Do you know why welders use a heavy mask? This picture doesn't show you. It is because the welding arc generates an intense amount of ultraviolet (UV) light. Even if the welder is just a little slow in covering his eyes with the mask, the UV light may be enough to cause welder's flash, which is sore, red, painful eyes. (I know, because it caught me once and it is a lesson you never forget).
But you would never know that from this picture. Because the camera is insensitive to UV light and pictures cannot show what the real problem is.
To identify the real problem you need a camera or other measurement system that is sensitive to UV light.
Similarly, most systems used to record wind turbine noise are not sensitive to the “unheard” (equivalent to invisible) infrasound component. So when camcorder videos are posted on You-tube, or when news crews turn up to record a segment about wind turbine noise for the local news, their equipment is incapable of demonstrating the problem. Many types of microphone (such as moving coil types) are insensitive to infrasound. And if the microphone does detect it, the infrasound is often filtered out electrically so that it doesn't “saturate” the recording system. These devices are designed to reproduce the sounds you normally hear. They are not designed to reproduce the unusual infrasound component of wind turbine noise that you cannot hear.
Even if the wind turbine sound was recorded with a condenser microphone and amplifier system capable of accurately reproducing the infrasound, it would still be hard to demonstrate this sound to people away from the wind turbines. Most speaker systems or headphones cannot generate infrasound adequately. It is possible that with headphones carefully sealed to the external ear canal, the sound could be replicated but at present there are no commercial systems available to do this.
This means that it is very difficult to show people away from wind turbines (politicians, doctors, etc.) what the effects of the noise are. So it is important to be aware of this important limitation of present technology. The sounds you hear from recorded media do not represent the “real”, “complete” sound of a wind turbine. As in the picture above, such recordings are missing what may be the most important component with regard to human health, which is the infrasound portion.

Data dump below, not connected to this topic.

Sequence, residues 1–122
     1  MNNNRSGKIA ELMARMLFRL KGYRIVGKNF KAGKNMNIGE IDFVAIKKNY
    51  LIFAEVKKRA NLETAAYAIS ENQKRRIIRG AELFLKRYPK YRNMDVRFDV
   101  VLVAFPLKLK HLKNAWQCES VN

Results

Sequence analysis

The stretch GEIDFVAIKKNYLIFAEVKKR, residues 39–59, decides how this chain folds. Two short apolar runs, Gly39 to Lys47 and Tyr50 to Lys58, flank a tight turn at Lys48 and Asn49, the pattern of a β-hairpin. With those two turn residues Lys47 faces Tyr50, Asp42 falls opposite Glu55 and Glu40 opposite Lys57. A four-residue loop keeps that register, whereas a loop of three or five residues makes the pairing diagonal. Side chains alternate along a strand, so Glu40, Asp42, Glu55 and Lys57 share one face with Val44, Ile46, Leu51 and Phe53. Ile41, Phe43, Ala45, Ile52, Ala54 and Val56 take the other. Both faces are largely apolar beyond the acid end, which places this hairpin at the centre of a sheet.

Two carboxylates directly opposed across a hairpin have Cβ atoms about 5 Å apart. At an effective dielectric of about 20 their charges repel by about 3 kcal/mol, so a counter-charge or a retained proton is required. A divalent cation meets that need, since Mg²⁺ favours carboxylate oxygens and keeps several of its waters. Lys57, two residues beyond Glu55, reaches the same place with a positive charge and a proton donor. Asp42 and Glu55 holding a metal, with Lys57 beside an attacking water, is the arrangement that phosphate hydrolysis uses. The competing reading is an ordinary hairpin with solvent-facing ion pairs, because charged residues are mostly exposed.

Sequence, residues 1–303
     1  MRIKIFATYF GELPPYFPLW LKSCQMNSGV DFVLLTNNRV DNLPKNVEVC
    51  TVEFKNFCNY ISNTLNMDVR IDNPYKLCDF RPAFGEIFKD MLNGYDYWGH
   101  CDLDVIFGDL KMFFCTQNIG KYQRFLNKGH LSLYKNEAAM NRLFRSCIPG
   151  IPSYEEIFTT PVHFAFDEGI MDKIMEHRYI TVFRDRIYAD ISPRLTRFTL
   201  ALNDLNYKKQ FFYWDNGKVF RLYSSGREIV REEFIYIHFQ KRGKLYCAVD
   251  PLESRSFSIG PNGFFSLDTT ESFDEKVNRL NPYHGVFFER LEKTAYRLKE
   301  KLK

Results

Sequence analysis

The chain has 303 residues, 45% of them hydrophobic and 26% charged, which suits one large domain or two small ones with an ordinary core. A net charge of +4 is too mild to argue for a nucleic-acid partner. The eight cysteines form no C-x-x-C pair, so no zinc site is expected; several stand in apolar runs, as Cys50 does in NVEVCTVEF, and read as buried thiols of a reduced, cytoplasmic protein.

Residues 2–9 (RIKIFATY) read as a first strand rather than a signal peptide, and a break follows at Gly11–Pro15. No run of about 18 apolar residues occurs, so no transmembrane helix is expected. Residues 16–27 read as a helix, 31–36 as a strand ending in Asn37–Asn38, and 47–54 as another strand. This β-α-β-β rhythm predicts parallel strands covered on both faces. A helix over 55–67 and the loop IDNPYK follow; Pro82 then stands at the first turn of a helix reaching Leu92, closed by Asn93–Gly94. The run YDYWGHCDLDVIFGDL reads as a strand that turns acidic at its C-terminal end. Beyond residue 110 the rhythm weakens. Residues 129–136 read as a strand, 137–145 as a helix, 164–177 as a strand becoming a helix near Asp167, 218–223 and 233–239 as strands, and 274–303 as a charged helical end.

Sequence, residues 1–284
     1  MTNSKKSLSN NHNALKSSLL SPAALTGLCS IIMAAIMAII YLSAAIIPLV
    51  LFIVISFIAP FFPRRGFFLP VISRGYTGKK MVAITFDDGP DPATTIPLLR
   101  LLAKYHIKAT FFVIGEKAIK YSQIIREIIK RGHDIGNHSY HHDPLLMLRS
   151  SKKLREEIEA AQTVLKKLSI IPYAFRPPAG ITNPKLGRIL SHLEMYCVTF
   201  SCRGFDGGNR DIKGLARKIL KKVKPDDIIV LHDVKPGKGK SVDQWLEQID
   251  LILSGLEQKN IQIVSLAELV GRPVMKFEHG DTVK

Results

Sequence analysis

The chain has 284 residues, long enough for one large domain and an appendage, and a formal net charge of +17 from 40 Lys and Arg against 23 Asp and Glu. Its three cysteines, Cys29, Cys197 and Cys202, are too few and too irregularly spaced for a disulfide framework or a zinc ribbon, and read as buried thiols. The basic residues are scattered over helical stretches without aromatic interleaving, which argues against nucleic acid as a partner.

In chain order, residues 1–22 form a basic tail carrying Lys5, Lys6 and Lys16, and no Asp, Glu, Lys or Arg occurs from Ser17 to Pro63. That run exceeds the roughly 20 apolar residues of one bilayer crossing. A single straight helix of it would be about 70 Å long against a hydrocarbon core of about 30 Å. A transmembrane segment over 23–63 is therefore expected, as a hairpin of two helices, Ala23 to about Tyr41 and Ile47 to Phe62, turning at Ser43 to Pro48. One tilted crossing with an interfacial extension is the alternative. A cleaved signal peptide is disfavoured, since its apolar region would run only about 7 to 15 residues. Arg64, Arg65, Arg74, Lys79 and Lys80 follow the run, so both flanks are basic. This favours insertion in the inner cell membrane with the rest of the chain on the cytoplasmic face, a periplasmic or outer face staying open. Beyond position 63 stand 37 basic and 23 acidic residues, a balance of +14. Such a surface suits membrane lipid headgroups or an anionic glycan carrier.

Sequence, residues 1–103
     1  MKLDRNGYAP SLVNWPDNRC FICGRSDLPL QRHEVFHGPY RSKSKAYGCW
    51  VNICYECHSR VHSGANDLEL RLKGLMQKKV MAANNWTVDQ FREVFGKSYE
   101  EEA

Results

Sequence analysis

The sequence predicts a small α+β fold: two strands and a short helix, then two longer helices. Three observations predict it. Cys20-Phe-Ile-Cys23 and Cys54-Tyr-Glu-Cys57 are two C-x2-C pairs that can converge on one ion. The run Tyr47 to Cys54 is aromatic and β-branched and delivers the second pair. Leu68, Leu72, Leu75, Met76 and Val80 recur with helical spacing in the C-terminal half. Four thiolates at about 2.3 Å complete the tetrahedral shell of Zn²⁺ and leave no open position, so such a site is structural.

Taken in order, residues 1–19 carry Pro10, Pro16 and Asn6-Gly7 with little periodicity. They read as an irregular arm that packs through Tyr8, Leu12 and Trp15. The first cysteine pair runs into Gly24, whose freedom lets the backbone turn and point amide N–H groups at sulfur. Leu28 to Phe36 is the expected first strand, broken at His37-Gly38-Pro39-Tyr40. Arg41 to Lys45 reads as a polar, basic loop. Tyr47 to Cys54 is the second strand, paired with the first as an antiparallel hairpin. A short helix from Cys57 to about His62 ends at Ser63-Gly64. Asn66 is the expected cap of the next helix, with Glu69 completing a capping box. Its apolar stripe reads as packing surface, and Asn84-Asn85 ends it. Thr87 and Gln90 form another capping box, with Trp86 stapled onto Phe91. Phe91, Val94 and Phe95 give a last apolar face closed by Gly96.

Detailed documentation of wind turbine noise characteristics (such as unweighted sound spectra) under different wind and load conditions is, surprisingly, virtually absent from the scientific literature. There are a few publications in “obscure” journals that we cited in our publication. It is notable that there are no recent publications in the Acoustical Society of America (of which I am a member) that document the noise characteristics of wind turbines. One would think that no-one was interested in the topic ! Since many of these measurements are “proprietary data”, commissioned by wind turbine operators, the fact that they are not made public itself speaks volumes about the nature of this noise.
Finally, visits to windfarms by politicians, neighbors-to-be and the like is easily subject to manipulation. It has been suggested that turbines may be set to “freewheel” during such visits (with minimal generator loading and blades orientated at a shallow angle to the wind) so that their noise generation is minimized. Any assessment or demonstration of wind turbine noise needs to be performed under normal functional conditions. The most appropriate monitoring of such noise should be through “dosimeters” recording noise levels within people's homes, 24 hours per day. This should include both A-weighted sound (representing the sound you can hear) and G-weighted sound levels (which represents the infrasound component). It is estimated that you can hear infrasound at about a 95 dB G levels, but the cells of the inner ear are stimulated by about 60 dB G. So dB G measurements of over 60 dB must be considered significant. Alternatively, wide band spectra (sensitive down to at least 1 Hz) could be measured.